2. The distinction here is that the contract with Space-X was ‘fixed-cost’, meaning that the customer would pay the quoted cost and if there were over-runs the contractor (Space-X) would eat them (and if they could meet standards cheaper they would pocket the difference).

        Fixed cost contracts with the government legally require far less accounting oversight than ‘cost-plus’, which is the contractor favorite, which has far more room for overcharging.

        1. Musk has actually done a pretty good job with SpaceX, but I can’t forgive him for all of the other cronyism. And even though he has or will deliver a cost efficient launch system compared to more government controlled efforts, he’s still making most of his bank from the taxpayers.

        2. I think this is a bit of pollyanish thinking. First, I give credit to Musk for keeping his budgets. But do you think for one minute that if a Falcon rocket had a serious problem, NASA wouldn’t find it within itself to pay for one or two additional launches just for safety’s sake? If so I have some property in Brooklyn to talk about.

  3. It’s true. SpaceX does get to get away with a lot of shit that other NASA contractors cannot get away with.

    However, the solution to that problem is not to burden SpaceX with the same bullshit that Boeing has to deal with, but to reduce the overall bullshit burden on Boeing and other contractors to the same level that SpaceX gets.

    Of course, the problem with that is that then there would be thousands of extraneous employees whose jobs used to be to deal with all the stupid NASA bullshit that they had to deal with. And now, those people will be out of a job. And nobody wants to “kill jobs”. Especially not in their district.

    Really all they need is to get the Congressman from Hawthorne, CA on board with the extra paperwork requirements to help create more jobs in SoCal. More bullshit means more jobs to people to handle all the bullshit.

    This is a big reason why we should never abolish any federal regulations or make them less complex. The more complicated and burdensome you make the system the more jobs for people to deal with all the buillshit it creates.

    1. Its not really even that Space-X uniquely can get away with this. Boeing could too, but they choose not to take the risk of tendering fixed-cost contracts.

  4. “The supposed party of free enterprise has repeatedly moved to squelch, redirect, or otherwise discourage moves to allow private competition”

    I can think of two administrations that authentically supported free enterprise: Calvin Coolidge and Grover Cleveland. One was Republican, the other was Democrat.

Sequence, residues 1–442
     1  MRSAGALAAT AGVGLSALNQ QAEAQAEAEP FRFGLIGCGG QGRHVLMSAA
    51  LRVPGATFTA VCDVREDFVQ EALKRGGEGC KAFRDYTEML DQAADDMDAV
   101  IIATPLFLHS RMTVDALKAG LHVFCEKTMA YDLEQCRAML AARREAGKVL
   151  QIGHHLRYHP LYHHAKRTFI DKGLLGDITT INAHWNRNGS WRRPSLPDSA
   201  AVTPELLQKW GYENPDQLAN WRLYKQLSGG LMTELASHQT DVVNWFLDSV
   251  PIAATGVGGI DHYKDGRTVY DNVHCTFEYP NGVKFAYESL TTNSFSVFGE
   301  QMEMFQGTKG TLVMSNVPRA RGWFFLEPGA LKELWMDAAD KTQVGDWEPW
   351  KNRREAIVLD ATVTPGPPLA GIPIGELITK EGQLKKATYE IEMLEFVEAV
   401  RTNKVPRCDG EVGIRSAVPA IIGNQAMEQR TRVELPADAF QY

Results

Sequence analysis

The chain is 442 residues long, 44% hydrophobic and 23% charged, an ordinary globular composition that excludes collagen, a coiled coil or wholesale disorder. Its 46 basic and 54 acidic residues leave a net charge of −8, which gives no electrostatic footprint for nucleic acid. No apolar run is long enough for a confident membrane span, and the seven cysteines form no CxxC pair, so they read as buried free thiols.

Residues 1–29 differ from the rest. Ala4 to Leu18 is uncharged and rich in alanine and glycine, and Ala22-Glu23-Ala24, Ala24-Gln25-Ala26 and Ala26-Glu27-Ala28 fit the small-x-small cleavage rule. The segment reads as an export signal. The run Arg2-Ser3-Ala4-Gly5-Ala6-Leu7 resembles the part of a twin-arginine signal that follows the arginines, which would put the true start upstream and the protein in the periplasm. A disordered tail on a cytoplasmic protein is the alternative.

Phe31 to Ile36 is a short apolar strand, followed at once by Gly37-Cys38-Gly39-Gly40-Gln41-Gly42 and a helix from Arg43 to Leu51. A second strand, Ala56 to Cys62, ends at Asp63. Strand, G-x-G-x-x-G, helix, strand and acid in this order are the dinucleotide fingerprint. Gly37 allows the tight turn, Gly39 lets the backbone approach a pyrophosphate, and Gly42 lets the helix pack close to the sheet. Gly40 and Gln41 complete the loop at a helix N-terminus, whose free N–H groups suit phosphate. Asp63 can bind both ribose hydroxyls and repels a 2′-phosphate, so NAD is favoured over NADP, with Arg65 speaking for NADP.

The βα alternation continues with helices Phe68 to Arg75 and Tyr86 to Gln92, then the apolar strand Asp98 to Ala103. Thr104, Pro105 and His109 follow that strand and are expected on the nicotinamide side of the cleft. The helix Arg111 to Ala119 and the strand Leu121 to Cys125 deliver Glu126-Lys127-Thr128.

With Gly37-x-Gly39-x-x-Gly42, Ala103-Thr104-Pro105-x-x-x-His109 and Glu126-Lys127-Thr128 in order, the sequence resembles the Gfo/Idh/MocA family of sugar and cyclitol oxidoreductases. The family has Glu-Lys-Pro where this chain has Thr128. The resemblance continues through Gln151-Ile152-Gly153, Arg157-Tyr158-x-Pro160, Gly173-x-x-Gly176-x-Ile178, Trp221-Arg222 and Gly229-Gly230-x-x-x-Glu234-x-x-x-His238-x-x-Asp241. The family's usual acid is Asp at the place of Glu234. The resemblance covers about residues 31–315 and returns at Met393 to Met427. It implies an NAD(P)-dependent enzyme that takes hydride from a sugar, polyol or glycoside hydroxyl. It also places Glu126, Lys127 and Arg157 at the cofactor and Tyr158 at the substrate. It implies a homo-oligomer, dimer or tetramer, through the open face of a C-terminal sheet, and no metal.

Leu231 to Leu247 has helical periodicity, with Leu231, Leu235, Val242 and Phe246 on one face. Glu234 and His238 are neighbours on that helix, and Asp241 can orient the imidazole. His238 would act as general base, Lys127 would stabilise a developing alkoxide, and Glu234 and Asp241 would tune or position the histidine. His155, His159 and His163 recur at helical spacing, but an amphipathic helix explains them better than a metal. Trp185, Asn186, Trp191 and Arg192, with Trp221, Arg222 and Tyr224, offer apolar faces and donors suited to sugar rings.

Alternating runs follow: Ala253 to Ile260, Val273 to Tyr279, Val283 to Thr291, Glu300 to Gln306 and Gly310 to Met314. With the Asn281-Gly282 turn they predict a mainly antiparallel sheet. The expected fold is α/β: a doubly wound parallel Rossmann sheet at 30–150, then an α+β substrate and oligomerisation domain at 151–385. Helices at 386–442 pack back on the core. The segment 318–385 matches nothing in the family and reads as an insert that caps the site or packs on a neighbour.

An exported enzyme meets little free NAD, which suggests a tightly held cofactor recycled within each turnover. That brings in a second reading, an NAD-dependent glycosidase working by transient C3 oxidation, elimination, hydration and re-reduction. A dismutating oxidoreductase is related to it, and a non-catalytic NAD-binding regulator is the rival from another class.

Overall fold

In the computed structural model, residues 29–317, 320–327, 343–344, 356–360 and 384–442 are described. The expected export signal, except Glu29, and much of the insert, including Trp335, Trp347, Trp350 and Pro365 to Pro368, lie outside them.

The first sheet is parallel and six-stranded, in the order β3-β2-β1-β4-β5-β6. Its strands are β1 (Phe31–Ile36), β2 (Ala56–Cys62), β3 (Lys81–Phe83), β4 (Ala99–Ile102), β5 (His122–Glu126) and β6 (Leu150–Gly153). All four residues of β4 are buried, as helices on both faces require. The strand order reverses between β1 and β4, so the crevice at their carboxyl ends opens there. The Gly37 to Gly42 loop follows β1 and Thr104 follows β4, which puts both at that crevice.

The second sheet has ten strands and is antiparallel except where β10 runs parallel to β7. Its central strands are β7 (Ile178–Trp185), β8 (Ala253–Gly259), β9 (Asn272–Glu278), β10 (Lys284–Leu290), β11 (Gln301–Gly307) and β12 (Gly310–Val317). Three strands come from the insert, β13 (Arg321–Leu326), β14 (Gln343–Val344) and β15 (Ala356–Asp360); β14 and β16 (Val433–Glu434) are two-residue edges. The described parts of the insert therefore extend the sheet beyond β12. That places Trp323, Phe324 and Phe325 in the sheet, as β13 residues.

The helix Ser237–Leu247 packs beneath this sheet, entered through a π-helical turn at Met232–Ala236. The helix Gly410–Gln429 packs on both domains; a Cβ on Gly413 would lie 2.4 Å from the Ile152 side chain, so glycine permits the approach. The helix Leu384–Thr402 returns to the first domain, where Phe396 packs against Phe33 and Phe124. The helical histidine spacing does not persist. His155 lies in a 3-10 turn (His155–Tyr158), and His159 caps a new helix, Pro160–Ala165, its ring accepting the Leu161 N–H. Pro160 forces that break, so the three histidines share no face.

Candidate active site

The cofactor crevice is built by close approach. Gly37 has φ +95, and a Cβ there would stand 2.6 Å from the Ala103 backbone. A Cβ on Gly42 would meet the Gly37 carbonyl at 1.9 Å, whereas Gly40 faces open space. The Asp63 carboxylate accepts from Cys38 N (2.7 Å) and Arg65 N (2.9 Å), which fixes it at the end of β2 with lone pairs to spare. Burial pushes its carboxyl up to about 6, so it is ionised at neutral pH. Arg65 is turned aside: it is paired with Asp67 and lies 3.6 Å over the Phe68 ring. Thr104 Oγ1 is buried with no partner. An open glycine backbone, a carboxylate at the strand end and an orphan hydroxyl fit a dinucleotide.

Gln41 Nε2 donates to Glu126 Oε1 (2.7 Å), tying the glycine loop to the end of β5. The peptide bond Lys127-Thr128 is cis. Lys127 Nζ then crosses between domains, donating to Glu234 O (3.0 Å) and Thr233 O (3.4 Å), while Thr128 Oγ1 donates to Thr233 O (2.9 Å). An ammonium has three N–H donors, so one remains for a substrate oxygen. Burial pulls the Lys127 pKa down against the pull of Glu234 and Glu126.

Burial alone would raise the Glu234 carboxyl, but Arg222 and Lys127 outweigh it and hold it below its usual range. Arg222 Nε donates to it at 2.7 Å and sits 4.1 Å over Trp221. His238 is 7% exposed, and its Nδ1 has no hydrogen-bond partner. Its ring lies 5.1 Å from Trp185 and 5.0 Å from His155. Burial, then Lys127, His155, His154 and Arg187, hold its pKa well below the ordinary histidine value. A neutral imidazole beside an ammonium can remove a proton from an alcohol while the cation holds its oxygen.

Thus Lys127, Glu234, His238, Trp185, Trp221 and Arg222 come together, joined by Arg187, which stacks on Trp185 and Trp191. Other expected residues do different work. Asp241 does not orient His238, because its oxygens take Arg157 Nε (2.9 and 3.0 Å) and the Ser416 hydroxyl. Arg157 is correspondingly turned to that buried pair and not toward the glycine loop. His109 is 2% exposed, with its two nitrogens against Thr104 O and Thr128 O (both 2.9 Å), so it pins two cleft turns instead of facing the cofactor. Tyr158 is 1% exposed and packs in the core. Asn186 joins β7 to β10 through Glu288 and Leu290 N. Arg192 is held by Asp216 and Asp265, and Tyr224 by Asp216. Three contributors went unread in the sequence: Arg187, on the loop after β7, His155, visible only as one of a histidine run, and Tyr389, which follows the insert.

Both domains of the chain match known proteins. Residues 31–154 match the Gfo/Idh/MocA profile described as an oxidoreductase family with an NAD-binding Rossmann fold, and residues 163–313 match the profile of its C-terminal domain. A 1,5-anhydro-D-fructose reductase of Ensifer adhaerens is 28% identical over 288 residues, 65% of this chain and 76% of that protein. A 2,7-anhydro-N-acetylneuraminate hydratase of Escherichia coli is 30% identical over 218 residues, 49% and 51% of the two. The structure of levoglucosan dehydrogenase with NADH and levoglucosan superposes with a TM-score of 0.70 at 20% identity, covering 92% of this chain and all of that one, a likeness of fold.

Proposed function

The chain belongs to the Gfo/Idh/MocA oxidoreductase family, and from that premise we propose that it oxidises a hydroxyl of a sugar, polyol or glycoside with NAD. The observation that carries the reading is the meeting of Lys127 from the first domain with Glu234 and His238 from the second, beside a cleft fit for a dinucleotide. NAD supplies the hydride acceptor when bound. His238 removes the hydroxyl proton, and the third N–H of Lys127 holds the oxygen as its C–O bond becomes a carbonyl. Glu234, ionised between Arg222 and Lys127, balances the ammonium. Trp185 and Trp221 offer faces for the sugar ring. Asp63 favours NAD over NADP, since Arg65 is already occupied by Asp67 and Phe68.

Let’s face it, the modern Republican Party is the “free market” party only by comparison with the Democrats, and only because the Democrats don’t even pay lip service to the idea.

    1. I’m sure Sheldon Richman will point out in the 19th Century the Republicans were the mercantilist party and the Democrats were the free-trade liberal party though there were slavery and race issues as well.

      The Democrats haven’t been a free-market party since about 1896 and this made the Republicans the default “free market” party since then, especially after the New Deal. And yes the only real free market Republicans have been Harding and Coolidge.

      1. Leaving aside the important exception of free trade, which went through a long period with no champion in DC.

  5. It is called free enterprise and capitalism, not pork and not cronyism.

  6. Imagine the ratings C-Span would from the floor debate between those three this guy:

    http://colonizespace.blogspot.com/

    God, please let him win this election cycle.

  7. This is just the latest in a long line of WTF Republicans moments, where the supposed party of free enterprise

    At some point, say in the 1980s, when it becomes obvious that, for Republicans, free enterprise was at best a slogan and in practice a euphemism for rampant plutocratic looting, one might stop being surprised by such things.

    1. It’s kind of like the point where the Dems decided to claim they were for the poor and minorities while proposing initiatives that wouldn’t actually, ya know, help poor or minorities.

  8. There is a dude that knows what time it is.

    http://www.AnonWays.tk